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The Daily Wildcat

The Daily Wildcat


    “Go ahead, get a credit card”

    Credit cards are one of the fastest ways to get into financial ruin in college. With interest rates frequently exceeding 20 percent and the temptation to spend everywhere, debt can pile up quickly.

    Often it does. The average undergraduate has $2,200 in credit card debt; the average graduate student has $5,500. And statistics suggest that students are increasingly getting themselves into more debt. Credit card debt among college students has doubled in the past decade, and the number of college-aged Americans declaring bankruptcy doubled in the 1990s.

    Nonetheless, all students should get a credit card – or two or three.

    Why play with fire? Your credit score.

    Credit scores are a little-understood and increasingly important beast. They determine whether you can get a mortgage to buy a house, and the interest rate you will pay. They determine if you can rent a house, and employers look at them to see how good you are at managing yourself. And increasingly they are used to determine rates on everything from car insurance to life insurance, a trend that should accelerate.

    Scores range from 300 to 850 and are determined by a quasi-secret formula maintained by the Fair Isaac Corporation. The score is an attempt to quantify how likely you are to pay off debts, taking into account factors such as punctuality of payments, amount of available credit used and length of credit history.

    To make matters more confusing, each person has not one but three credit reports/scores. Three corporations, Equifax, Experian and TransUnion, each maintain your credit report independently. While the reports may vary, they should be very similar in general.

    However, you don’t start building credit until you begin to establish a credit history, hence the need to get a credit card and use it wisely. The advice is not to build up credit card debt. It is simply to have a credit card with little to no balance to build credit. Ideally, that would mean using it for a few purchases per month and immediately paying off the balance to avoid heinous interest charges.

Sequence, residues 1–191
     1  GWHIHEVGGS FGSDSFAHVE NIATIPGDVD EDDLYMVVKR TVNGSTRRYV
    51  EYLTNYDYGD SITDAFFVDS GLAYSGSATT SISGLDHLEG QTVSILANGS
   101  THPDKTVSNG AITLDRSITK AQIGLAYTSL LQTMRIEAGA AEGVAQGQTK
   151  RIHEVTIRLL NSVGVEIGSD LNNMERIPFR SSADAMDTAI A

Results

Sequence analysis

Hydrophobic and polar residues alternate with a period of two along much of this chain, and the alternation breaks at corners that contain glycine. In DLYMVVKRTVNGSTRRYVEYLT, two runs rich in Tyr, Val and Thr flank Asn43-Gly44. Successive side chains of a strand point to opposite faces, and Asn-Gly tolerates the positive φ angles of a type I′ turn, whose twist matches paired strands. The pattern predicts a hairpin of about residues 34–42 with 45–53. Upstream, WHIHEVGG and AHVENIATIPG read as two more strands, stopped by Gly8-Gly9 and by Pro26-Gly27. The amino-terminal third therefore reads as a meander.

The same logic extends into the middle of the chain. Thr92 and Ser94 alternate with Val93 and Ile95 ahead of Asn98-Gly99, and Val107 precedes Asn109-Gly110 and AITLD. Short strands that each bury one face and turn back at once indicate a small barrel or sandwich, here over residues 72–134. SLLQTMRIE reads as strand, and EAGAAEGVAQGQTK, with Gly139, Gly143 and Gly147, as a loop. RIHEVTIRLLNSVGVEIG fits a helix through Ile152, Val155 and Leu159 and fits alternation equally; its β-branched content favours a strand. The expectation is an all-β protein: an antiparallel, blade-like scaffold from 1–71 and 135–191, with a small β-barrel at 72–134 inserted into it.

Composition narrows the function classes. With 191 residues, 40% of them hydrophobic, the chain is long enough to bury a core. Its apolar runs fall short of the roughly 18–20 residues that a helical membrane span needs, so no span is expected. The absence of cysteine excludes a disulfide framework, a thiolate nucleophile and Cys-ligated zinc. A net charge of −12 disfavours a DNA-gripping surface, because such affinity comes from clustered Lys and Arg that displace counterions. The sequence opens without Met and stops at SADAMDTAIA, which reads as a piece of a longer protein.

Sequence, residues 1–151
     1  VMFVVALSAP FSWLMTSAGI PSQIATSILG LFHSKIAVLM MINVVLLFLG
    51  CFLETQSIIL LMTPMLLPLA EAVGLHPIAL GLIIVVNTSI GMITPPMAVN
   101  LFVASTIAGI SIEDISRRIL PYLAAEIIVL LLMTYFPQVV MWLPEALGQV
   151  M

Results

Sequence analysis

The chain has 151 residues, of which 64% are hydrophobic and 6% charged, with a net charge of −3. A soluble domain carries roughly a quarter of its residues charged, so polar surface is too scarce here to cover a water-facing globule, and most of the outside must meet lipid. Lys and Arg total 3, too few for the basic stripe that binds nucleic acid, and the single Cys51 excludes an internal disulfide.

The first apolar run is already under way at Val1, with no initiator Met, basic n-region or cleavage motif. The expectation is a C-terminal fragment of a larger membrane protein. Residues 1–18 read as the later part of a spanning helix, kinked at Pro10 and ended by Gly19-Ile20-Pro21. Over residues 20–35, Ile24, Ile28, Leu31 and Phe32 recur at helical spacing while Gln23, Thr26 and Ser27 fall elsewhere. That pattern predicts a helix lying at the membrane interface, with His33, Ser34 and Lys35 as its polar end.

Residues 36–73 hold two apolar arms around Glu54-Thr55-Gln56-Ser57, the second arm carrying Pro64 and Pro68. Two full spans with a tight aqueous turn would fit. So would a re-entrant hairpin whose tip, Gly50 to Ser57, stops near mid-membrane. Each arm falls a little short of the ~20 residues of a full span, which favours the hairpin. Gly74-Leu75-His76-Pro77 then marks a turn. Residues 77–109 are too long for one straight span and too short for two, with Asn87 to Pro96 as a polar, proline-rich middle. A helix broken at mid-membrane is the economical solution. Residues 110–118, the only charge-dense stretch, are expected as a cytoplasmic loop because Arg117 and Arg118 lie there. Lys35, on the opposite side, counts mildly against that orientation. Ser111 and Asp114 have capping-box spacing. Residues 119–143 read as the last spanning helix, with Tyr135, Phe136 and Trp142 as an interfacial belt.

The goal is to get to the elusive score of 725, putting students in the top half of credit scores and in the “”good credit”” category. Any score below 660 is not good.

    A score of 725 means you will be able to get the lowest rate when it matters most, on your home loan. But aside from the credit score, the quality of credit matters. Lenders want to see more than just one card on the report, even if it is paid on time. Therefore, students should get more than one credit card and try to get additional items on their credit report. Again, this doesn’t mean to go into debt, which can ruin a credit report. And if you do need to borrow, the best place besides family is student debt, which carries a much lower interest rate than credit cards.

    Students who first seek out a credit card may be surprised to find out there’s a catch-22 with getting one. Until you have credit, people don’t want to give you credit, but you can’t build credit until someone will give you credit. Good places to get the first card are department stores and retail outlets such as American Eagle Outfitters, which tend to have looser requirements than most credit cards.

    One very helpful tip: If you have helpful and trusting parents, have them put you on their credit card as an “”authorized user.”” Even if they don’t give you a copy of the actual card, and even if you yourself don’t make any purchases, their credit card then goes on your credit report, along with the hopefully excellent and lengthy record of repayment.

    Once out of college, students will soon want to purchase a car or even their first house. If they have been careful to establish good credit while in college, it will mean paying a few hundred less per month in interest.

    Don’t shun the plastic. Embrace it.

    Ryan Johnson is a senior majoring in economics and international studies. He can be reached at

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